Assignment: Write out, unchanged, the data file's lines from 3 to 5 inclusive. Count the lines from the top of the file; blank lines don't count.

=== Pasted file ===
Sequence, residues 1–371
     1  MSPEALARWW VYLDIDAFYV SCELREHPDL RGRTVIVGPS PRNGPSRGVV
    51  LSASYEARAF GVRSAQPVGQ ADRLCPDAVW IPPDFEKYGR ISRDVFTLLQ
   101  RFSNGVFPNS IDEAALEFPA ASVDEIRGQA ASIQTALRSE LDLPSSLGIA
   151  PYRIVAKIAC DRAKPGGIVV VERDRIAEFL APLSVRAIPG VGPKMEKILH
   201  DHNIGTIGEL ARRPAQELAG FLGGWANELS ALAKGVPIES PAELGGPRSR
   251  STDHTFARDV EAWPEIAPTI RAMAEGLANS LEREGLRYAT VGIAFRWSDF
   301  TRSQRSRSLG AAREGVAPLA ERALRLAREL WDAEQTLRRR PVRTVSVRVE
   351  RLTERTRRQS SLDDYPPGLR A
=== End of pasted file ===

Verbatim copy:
    51  LSASYEARAF GVRSAQPVGQ ADRLCPDAVW IPPDFEKYGR ISRDVFTLLQ
   101  RFSNGVFPNS IDEAALEFPA ASVDEIRGQA ASIQTALRSE LDLPSSLGIA
   151  PYRIVAKIAC DRAKPGGIVV VERDRIAEFL APLSVRAIPG VGPKMEKILH